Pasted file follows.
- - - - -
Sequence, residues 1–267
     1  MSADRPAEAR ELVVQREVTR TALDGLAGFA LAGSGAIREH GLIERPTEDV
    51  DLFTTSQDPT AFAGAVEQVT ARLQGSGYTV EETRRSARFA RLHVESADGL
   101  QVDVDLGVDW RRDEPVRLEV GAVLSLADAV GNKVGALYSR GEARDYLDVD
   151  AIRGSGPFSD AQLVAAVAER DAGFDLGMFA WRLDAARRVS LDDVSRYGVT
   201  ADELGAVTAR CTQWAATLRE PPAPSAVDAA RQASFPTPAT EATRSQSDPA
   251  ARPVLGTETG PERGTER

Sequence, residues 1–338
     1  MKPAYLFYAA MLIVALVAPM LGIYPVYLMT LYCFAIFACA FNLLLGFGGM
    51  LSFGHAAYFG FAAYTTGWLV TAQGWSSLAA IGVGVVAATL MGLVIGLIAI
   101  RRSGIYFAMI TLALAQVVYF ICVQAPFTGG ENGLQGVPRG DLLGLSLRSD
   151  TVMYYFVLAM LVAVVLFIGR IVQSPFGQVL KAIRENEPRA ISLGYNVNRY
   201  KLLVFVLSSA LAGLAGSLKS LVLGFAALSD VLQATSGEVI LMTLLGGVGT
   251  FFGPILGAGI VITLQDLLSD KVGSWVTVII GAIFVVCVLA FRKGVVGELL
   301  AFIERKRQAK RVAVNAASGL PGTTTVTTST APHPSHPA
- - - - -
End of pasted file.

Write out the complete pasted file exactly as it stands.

Sequence, residues 1–267
     1  MSADRPAEAR ELVVQREVTR TALDGLAGFA LAGSGAIREH GLIERPTEDV
    51  DLFTTSQDPT AFAGAVEQVT ARLQGSGYTV EETRRSARFA RLHVESADGL
   101  QVDVDLGVDW RRDEPVRLEV GAVLSLADAV GNKVGALYSR GEARDYLDVD
   151  AIRGSGPFSD AQLVAAVAER DAGFDLGMFA WRLDAARRVS LDDVSRYGVT
   201  ADELGAVTAR CTQWAATLRE PPAPSAVDAA RQASFPTPAT EATRSQSDPA
   251  ARPVLGTETG PERGTER

Sequence, residues 1–338
     1  MKPAYLFYAA MLIVALVAPM LGIYPVYLMT LYCFAIFACA FNLLLGFGGM
    51  LSFGHAAYFG FAAYTTGWLV TAQGWSSLAA IGVGVVAATL MGLVIGLIAI
   101  RRSGIYFAMI TLALAQVVYF ICVQAPFTGG ENGLQGVPRG DLLGLSLRSD
   151  TVMYYFVLAM LVAVVLFIGR IVQSPFGQVL KAIRENEPRA ISLGYNVNRY
   201  KLLVFVLSSA LAGLAGSLKS LVLGFAALSD VLQATSGEVI LMTLLGGVGT
   251  FFGPILGAGI VITLQDLLSD KVGSWVTVII GAIFVVCVLA FRKGVVGELL
   301  AFIERKRQAK RVAVNAASGL PGTTTVTTST APHPSHPA